These articles have a specific audience in mind and can be useful to that audience. They may be annoying, dismissive, and even downright offensive to people who don’t identify as cisgender or straight, or who are sick of weight-loss articles, but the information in these pieces isn’t necessary for good health and can be passed over in favour of more inclusive publications that are much less clickbaity.

My problem is more with the websites and leaflets and such that purport to be authoritative guides on specific ailments or health issues but that totally fail to recognise the difference between sex and gender, can’t comprehend anything beyond a heteronormative ‘traditional’ family model, and also make the assumption that it’s perfectly fine to write about the average mortality rate, incidence of a disease, or testing done without mentioning the huge disparities between different socioeconomic groups, races, ethnicities, genders, and so forth.

The problem with averages and generalisations

I came across an example recently of the type of problems that can be caused by a lack of specificity and inclusivity in medical copywriting. When reviewing a medical article for a major website, I noticed a statistic regarding the frequency with which women (all assumed cis gender) get their recommended mammograms. A single figure (a percentage) was given in the article, but I knew that this was unlikely to tell the whole story, given that cis gender lesbians and cisgender bisexual women are more likely to die from breast cancer than straight cis women. Sure enough, lesbians and bisexual women are less likely to get routine mammograms, according to the U.S. Department of Health.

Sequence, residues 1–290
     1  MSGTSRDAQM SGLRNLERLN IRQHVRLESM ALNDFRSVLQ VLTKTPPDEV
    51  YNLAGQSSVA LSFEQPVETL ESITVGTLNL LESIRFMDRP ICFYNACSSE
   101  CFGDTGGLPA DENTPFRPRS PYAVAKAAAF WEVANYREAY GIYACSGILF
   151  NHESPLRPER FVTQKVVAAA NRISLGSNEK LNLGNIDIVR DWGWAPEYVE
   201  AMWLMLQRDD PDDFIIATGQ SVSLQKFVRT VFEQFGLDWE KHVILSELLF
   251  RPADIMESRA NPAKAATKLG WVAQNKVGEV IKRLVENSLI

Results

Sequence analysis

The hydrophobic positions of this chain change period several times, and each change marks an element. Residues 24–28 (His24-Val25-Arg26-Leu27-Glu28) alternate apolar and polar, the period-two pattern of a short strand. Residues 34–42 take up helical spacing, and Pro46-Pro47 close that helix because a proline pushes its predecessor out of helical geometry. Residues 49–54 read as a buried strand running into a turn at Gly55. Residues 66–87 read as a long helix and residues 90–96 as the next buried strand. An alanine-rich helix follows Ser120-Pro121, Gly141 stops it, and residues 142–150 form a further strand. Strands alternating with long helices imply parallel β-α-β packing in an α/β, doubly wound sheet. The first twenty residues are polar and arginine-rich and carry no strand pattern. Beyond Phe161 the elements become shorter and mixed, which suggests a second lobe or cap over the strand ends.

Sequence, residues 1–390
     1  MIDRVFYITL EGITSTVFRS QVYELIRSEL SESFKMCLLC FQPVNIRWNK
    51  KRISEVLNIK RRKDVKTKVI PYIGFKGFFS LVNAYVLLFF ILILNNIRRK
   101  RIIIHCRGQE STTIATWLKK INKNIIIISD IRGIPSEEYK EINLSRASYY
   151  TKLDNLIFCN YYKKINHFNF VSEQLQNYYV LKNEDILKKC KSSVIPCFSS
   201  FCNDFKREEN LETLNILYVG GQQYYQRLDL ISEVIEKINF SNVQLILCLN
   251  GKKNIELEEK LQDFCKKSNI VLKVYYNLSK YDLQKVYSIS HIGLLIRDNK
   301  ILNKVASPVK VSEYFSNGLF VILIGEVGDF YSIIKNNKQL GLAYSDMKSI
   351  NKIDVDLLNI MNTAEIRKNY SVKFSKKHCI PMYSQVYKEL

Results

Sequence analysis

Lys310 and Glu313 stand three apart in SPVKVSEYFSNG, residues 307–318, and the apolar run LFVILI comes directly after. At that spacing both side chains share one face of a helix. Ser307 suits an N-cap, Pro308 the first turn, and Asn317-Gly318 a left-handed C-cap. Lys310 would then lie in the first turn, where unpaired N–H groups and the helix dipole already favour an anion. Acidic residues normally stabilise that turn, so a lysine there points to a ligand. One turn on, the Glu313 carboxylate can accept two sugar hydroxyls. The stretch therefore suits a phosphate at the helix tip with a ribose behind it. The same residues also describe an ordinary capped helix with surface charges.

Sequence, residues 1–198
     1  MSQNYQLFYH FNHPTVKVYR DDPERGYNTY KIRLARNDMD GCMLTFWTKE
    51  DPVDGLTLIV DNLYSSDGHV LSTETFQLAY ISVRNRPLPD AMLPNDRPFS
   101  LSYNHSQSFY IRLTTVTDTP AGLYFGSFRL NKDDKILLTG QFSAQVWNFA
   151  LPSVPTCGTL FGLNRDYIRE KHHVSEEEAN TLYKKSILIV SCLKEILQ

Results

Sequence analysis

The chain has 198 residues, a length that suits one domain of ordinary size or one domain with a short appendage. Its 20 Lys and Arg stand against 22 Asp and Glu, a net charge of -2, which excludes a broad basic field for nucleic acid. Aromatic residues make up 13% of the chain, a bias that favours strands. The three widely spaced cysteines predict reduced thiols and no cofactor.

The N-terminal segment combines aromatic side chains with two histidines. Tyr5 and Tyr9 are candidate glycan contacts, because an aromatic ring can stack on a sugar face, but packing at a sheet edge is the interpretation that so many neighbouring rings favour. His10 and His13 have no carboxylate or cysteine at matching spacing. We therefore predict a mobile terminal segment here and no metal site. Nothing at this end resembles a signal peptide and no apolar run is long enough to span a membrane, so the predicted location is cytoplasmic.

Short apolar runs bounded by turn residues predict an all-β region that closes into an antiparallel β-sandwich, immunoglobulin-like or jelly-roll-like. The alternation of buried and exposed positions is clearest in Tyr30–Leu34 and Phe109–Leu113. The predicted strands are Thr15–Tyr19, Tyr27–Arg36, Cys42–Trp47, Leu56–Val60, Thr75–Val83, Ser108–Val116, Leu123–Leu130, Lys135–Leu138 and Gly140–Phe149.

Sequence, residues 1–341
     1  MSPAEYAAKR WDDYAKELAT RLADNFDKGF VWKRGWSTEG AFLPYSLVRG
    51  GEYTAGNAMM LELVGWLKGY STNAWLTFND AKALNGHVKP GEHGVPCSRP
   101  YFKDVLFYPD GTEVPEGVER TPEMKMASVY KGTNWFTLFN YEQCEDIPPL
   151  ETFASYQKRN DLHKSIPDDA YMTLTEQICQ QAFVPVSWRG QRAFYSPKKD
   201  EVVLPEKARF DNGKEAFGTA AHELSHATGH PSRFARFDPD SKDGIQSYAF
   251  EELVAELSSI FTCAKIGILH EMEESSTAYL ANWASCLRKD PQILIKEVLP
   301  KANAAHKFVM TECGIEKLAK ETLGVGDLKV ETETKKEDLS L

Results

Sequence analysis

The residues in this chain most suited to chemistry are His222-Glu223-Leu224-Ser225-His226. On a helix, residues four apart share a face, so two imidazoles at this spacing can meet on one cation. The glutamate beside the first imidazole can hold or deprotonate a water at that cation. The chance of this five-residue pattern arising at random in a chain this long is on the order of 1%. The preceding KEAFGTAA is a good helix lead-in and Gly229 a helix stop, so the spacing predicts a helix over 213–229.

I also figured there were probably some differences between people living in the U.S. with a decent household income and people living in poverty. Sure enough, digging into the stats shows that cis women in the lowest percentile for income access recommended mammograms at a significantly lower rate than average (about 42% vs. around 66% for 2013). With a little more digging, it may be possible to find stats on the uptake of mammograms in people who don’t identify as straight cis women.